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Financial Planning > Behavioral Finance

Kitces Critiques Move by CFP Board

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Advisors took to Twitter in early March to voice their concerns about the CFP Board announcing that it would remove from its consumer-facing website,, any information on how advisors are compensated.

“Woa. Big announcement from @CFPBoard going out to CFP certificants this week: the CFP Board is entirely removing any discussion of how advisors are compensated from its Let’s Make A Plan website, and instead will force consumers to dig into advisor disclosures,” tweeted Nerd’s Eye View blogger Michael Kitces.

Kitces added that “In the long run, though, the @CFPBoard isn’t doing itself any favors by hiding compensation information from consumers & telling them to work harder to find it. It’s ALREADY required disclosure under Form ADV. Why make consumers do more work if there’s nothing to hide?”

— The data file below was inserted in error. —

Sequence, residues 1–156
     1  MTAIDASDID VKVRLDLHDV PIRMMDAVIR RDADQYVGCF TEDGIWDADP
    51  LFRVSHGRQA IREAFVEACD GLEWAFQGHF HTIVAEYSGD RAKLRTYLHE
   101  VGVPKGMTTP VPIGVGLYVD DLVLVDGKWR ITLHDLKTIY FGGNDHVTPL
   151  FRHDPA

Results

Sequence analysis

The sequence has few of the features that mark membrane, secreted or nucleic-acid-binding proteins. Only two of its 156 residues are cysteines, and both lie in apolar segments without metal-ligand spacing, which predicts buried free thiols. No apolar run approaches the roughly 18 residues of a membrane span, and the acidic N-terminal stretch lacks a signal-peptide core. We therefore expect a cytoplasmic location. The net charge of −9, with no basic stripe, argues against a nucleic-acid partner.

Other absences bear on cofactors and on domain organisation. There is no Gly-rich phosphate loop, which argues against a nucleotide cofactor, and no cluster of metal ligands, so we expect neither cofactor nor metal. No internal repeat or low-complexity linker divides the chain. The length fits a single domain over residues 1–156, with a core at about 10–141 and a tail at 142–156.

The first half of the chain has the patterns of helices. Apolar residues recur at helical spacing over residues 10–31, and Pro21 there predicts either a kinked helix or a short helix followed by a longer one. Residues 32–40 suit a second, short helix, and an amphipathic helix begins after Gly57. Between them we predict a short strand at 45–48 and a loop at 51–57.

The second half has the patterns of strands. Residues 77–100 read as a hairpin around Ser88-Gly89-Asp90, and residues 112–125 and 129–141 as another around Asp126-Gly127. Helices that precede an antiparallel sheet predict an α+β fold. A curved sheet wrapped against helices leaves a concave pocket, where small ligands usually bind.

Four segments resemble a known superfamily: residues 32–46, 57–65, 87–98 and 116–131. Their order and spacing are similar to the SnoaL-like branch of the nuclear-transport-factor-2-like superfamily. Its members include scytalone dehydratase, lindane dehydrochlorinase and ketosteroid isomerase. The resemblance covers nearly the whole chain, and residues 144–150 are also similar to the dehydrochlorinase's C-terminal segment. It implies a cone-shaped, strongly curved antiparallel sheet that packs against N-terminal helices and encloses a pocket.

The CFP Board’s email sent to certificants states that “The three compensation method categories previously provided by the search tool — Commission-Only, Commission and Fee, and Fee-Only — were broad enough to capture the various compensation methods that financial planners use today, but not very specific or helpful to consumers.”

CFP Board “believes the best way for consumers to select their financial advisor is to have a conversation with their prospective advisor.” Will Nunn, CFP, of Horizon Financial Planning in New Orleans agreed, stating in a response to Kitces’ tweet string that: “This is a move in the wrong direction, we need more clarity

CFP Board was criticized last July by the Wall Street Journal for omitting client complaints about CFPs, as well as planners’ criminal or regulatory problems, on —Melanie Waddell